The function of a frequency multiplier is verbatim – a frequency multiplier is a circuit that takes a signal of particular frequency at the input and produces harmonic multiples of the input signal’s frequency at the output. Their use is widespread throughout history, primarily in the application of frequency synthesis. When implemented as a part of a large system, a chain of multipliers can be used to synthesize multiple reference signals from a single high-performance reference oscillator.
Frequency multiplier designs use a variety of nonlinear devices and topologies to achieve excitation of harmonics. This thesis will focus on the design and analysis of single ended bipolar junction transistor frequency multipliers. This topology serves as a relatively simple design that lends itself to analysis of device parasitics and nonlinearities. In addition, design is done in the Very High Frequency (VHF) band of 30-300 MHz to allow for design and measurement freedoms. However, the design methodologies and theory can be frequency scaled as needed.
The parasitics and nonlinearities of frequency multipliers are well explored on the output side of circuit design, but literature is lacking in analysis of the drive network. In order to explore device nonlinearities on the drive side of the circuit, this thesis implements novel nonlinear reflectometry systems in both simulations and real-world testing. The simulation nonlinear reflectometry consists of intelligently configured voltage sources, whereas directional couplers allow for real world nonlinear reflectometry measurements. These measurements allow for harmonically rich reflected waveforms to be accurately measured, allowing for waveform engineering to be performed at the drive network. Further, nonlinear reflectometry measurements can be used to explain how load- and source-pull obtained drive and load terminations are able to achieve performance increases.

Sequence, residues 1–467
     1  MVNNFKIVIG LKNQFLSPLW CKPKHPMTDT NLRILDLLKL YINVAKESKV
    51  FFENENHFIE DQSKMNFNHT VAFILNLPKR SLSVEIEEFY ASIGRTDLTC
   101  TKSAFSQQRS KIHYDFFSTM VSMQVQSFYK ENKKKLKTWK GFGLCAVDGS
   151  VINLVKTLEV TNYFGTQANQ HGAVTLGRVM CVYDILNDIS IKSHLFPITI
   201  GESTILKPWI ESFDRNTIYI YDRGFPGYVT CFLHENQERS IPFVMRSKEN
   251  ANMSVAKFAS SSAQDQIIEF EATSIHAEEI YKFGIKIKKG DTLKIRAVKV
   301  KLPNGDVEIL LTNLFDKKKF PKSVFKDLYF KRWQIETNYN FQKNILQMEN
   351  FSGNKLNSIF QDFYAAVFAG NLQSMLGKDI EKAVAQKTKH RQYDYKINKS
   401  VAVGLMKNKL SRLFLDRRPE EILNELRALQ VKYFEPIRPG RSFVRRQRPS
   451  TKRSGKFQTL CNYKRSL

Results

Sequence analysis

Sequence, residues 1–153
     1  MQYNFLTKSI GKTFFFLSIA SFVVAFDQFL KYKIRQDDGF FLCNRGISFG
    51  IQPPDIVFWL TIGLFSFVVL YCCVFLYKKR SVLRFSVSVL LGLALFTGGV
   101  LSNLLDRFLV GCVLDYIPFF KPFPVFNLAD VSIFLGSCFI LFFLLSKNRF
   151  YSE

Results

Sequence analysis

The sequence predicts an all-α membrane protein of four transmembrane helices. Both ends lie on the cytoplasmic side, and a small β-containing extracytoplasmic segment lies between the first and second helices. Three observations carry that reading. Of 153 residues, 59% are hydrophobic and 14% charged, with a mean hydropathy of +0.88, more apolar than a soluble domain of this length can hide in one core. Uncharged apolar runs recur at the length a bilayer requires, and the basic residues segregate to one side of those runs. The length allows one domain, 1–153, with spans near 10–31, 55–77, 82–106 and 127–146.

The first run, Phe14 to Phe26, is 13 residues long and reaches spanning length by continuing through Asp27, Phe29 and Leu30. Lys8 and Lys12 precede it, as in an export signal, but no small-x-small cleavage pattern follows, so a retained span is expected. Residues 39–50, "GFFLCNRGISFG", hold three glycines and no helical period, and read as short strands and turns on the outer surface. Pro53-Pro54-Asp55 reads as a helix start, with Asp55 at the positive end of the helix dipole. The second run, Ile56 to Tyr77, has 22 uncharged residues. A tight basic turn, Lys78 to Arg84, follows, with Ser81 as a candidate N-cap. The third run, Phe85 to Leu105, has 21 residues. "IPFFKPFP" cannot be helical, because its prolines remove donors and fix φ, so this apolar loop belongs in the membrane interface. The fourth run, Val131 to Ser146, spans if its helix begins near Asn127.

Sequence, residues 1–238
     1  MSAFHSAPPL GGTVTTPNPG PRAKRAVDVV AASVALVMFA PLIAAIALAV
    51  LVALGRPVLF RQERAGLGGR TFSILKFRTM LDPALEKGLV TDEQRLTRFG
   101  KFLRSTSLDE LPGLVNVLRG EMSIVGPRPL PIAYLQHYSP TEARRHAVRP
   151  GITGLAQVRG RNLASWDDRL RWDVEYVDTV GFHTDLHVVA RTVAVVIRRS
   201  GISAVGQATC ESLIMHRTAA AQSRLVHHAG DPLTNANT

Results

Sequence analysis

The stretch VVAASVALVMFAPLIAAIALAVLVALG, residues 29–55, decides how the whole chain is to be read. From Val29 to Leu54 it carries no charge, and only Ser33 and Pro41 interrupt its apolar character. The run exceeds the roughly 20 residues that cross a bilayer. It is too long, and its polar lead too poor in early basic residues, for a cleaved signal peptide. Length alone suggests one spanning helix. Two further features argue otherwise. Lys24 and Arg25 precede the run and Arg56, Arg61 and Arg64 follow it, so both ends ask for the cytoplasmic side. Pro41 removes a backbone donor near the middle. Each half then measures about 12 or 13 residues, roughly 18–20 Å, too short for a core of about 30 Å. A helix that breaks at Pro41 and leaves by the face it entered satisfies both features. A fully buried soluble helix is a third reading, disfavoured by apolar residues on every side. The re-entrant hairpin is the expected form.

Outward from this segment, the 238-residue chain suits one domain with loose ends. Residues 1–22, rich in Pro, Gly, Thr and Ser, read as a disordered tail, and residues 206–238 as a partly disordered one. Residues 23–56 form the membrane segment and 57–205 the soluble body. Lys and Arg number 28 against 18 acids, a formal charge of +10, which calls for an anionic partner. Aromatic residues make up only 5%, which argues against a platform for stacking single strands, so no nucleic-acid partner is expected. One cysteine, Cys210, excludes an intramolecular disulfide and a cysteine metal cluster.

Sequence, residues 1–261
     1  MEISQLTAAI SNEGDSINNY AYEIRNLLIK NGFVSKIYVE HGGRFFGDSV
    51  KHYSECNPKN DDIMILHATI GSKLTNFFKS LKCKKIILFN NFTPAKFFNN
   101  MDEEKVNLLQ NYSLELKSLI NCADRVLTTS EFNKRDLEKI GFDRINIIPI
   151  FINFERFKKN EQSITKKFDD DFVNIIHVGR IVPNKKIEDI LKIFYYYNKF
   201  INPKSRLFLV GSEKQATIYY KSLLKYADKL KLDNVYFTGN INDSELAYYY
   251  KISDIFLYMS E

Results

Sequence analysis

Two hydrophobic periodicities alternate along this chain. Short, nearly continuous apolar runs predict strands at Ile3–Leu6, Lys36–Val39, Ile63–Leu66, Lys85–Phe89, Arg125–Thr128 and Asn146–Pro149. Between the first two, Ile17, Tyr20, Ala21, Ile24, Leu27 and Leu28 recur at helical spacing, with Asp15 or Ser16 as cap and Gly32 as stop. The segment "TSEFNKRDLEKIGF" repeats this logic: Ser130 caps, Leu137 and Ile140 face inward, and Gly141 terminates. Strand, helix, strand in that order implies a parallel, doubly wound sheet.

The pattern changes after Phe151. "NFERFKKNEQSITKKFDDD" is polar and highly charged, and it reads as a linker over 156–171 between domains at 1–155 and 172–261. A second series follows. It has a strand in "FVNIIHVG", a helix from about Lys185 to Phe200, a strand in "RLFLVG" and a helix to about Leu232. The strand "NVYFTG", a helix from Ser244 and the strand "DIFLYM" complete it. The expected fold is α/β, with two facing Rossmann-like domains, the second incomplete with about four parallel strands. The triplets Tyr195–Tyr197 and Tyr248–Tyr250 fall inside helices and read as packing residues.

|Commitee:||Pejcinovic, Branimir, Lei, Hong|
|School:||Portland State University|
|Department:||Electrical and Computer Engineering|
|School Location:||United States -- Oregon|
|Source:||MAI 81/1(E), Masters Abstracts International|
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